Original URL path: http://www.pwc.com/gx/en/about/global-annual-review-2015/assurance.html (2016-02-10)
    Open archived version from archive

  • World Watch: Corporate reporting: PwC
    search Explore careers with Strategy Press room Facts and figures Press contacts Analyst relations Global International PwC Sites Commonly visited PwC sites Global Australia Brazil Canada China Hong Kong France Germany India Italy Japan Mexico Middle East Netherlands Russia Singapore South Africa South Korea Spain Sweden Switzerland United Kingdom United States Complete list of PwC territory sites Corporate reporting Find out the latest thinking on reporting to help you explain performance in a way that builds trust News Prince of Wales We are failing to run the global bank Government issues Modern Slavery reporting guidance India reporting update IAASB auditor reporting The most fundamental changes in decades Plain speaking Field testing the new auditor s report in Holland Anniversary research finds seven lessons for moving to IFRS Green Deal signed on impact measurement in the Netherlands Prudence returns new IASB exposure draft reintroduces controversial term SEC Chief Accountant IASB and FASB at a critical juncture in their relationship European Commission Financing Green Paper elicits positive response on timely debate IASB aims to fill gaps update and clarify in Conceptual Framework draft Relaxed accounting requirements might sound appealing but may come back to bite investor community says CFA Institute US companies not yet fully ready for new revenue recognition standard Cutting clutter is it the wrong focus Assurance on IR fresh and bold thinking required Comment and analysis Integrated Reporting research highlights trends and disparities Academic Pieter Conradie calls for further development of the IR evidence base Helping businesses to implement integrated reporting At the launch of a new Integrated Reporting guide PwC s IR policy lead Superna Khosla talks to World Watch Seeing behind the numbers a new approach to reporting risk and performance Business leaders are reporting on a wider set of risk and performance indicators Alan McGill talks

    Original URL path: http://www.pwc.com/gx/en/services/audit-assurance/corporate-reporting/world-watch/corporate-reporting.html (2016-02-10)
    Open archived version from archive

  • Good growth driving business for greater benefit: PwC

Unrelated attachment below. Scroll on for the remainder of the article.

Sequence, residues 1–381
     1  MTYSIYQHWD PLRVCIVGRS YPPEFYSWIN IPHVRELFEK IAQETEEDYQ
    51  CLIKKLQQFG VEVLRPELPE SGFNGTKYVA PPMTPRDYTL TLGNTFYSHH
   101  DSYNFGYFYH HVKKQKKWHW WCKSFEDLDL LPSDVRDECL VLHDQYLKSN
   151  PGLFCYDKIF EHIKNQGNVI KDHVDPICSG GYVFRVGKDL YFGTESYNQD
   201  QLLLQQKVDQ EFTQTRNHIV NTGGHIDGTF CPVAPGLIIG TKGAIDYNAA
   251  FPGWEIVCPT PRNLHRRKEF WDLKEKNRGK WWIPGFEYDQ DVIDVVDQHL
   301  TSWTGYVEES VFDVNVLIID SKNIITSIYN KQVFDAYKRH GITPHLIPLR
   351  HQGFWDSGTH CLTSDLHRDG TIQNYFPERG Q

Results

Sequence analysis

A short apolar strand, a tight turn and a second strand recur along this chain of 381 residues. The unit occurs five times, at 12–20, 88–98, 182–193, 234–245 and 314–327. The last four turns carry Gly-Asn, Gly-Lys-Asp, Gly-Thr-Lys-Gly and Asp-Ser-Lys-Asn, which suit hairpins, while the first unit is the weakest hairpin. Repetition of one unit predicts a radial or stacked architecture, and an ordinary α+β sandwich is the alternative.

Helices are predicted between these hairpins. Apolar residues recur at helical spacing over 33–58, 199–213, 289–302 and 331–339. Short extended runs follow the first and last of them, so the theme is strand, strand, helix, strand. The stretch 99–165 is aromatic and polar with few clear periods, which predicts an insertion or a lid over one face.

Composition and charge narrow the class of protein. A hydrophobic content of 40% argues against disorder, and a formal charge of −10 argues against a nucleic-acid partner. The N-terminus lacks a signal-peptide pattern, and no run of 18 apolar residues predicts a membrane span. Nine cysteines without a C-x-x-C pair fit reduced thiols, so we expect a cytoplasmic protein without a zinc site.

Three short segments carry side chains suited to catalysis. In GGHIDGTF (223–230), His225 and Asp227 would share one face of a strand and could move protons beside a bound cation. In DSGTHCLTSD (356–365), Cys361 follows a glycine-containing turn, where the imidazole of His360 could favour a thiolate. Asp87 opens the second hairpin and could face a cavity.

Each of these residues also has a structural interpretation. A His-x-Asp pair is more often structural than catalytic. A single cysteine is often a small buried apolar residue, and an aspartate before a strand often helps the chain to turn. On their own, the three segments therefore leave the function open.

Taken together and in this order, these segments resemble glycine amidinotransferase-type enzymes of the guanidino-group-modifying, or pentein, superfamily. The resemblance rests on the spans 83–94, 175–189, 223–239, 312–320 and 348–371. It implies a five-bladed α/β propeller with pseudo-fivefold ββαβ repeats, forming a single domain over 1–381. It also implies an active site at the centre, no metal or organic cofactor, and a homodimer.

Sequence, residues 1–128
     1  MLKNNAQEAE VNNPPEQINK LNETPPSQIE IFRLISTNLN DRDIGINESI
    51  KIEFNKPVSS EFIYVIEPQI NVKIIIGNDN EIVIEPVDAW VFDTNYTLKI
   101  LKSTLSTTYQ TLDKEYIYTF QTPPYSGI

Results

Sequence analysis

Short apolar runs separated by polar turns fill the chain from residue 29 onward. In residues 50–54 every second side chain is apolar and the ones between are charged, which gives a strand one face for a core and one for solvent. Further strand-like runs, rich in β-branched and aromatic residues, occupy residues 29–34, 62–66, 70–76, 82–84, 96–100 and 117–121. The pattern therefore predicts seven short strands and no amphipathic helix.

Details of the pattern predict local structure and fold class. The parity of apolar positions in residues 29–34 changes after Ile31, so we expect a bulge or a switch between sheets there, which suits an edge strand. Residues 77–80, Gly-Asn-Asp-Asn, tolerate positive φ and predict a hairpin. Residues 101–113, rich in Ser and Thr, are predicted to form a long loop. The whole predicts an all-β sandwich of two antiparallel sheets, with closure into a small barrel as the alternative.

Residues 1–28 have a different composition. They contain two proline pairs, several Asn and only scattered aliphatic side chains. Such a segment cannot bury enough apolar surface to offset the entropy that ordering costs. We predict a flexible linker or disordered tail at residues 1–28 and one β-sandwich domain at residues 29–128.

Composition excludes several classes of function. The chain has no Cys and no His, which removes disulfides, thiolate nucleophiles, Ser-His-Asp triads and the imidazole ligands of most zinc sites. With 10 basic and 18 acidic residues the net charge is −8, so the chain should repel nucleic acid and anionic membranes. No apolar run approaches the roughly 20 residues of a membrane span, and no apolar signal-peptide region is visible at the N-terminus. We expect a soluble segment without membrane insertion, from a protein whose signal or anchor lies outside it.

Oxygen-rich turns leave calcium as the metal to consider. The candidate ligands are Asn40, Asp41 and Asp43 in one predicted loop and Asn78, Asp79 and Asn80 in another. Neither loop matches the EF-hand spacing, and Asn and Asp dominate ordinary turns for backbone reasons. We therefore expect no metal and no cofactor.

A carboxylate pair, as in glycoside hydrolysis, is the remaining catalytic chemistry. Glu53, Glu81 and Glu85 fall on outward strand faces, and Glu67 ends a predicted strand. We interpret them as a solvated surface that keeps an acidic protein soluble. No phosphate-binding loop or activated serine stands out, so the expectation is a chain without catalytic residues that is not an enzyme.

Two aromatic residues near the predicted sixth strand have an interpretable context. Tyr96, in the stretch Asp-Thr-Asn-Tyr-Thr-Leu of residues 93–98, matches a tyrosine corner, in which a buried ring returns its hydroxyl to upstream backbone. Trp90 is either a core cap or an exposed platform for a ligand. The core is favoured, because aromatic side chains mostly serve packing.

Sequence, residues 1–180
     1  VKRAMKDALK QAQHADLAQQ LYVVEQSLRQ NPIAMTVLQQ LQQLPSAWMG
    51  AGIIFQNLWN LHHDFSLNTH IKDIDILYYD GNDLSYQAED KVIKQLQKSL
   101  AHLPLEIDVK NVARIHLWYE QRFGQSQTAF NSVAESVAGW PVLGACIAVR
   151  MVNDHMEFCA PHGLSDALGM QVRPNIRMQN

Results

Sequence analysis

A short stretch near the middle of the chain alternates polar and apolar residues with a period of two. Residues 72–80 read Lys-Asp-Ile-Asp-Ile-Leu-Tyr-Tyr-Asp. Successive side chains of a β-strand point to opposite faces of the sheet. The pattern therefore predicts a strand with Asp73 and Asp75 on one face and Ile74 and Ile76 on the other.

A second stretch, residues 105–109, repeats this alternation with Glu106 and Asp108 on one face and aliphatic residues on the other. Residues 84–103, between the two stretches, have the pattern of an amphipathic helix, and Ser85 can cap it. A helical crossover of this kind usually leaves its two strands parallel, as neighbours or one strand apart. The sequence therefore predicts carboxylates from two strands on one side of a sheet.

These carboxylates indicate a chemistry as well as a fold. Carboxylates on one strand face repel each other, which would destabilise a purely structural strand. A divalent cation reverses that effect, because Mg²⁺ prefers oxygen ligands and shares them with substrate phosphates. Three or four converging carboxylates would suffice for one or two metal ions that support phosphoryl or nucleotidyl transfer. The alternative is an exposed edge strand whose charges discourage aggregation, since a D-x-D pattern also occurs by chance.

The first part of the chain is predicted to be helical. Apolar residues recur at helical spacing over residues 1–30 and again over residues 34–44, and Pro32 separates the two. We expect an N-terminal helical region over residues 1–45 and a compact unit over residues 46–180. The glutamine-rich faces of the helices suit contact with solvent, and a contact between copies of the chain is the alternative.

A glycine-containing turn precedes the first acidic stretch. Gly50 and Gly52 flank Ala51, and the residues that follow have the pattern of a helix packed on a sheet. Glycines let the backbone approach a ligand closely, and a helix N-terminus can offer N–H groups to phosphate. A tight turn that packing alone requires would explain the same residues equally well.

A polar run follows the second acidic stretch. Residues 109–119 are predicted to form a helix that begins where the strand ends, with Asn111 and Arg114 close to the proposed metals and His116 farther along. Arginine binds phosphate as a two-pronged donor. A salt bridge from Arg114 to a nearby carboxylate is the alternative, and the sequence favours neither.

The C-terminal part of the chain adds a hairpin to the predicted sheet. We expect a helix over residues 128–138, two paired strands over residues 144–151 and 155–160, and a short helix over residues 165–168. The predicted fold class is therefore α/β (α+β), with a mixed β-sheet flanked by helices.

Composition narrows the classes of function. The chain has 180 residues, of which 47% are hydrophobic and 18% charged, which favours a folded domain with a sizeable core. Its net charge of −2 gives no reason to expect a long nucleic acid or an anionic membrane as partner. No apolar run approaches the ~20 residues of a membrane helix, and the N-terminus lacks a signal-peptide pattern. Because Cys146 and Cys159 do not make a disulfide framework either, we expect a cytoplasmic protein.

needs growth to pull people out of poverty The developed world needs growth to tackle mounting unemployment and large government deficits But is the growth we re pursuing doing more harm than good Rapid booms are followed by shattering busts Pollution is escalating Precious resources are being drained away If we do need to look at growth in a new way what would it look like Growth sounds good But is it always good Is growth good when it eats up resources and the community pays a bigger price e g through adverse impacts on health than the financial gain it generates Is growth good when one company s gain in market share is another s loss Is growth good when overall wellbeing does not change or there is no increase in GDP Good growth is real inclusive responsible and lasting Good growth benefits everyone consumers communities the economy and shareholders alike Good growth makes good business sense as companies perform better in communities that are stable healthy and prosperous So what do we mean Real Real growth generates wealth rather than simply shifting market share from one company to another what s called zero sum growth Innovation drives real growth by providing solutions that meet people s needs and aspirations e g affordable sanitation for the urban poor creates new a win win for the company and the community Inclusive Growth that benefits a few at the expense of many just isn t good Inclusive growth benefits everyone For example mineral rich economies need to balance creating an environment in which businesses thrive with a desire to make sure communities benefit too Responsible Responsible growth looks at the total impact of doing business rather than just the profits from business Financial return can t be gauged in isolation from the tax contribution environmental impact and the effect on community stability health and prosperity Lasting Lasting growth invests in the future and considers returns over the long term For some meeting short term targets e g based on share price increases or dividend payments shows that a company is in good shape and on track But if this means investment opportunities are being missed others will think it short sighted If we only look ahead six months or three years who will commit to investment that sees strong returns over ten Who has the confidence and the vision But what do you think makes for good growth Can we really have it all or will we have to accept trade offs and sacrifices How will we know that we re doing the right thing Future proofing your business My primary responsibility is to my shareholders If they re happy then I m doing well But how well are you doing Could you be failing in your duty to protect shareholder interests if your business is not sustainable over the long term What about your responsibilities to the customers that buy your products your suppliers that provide components or raw materials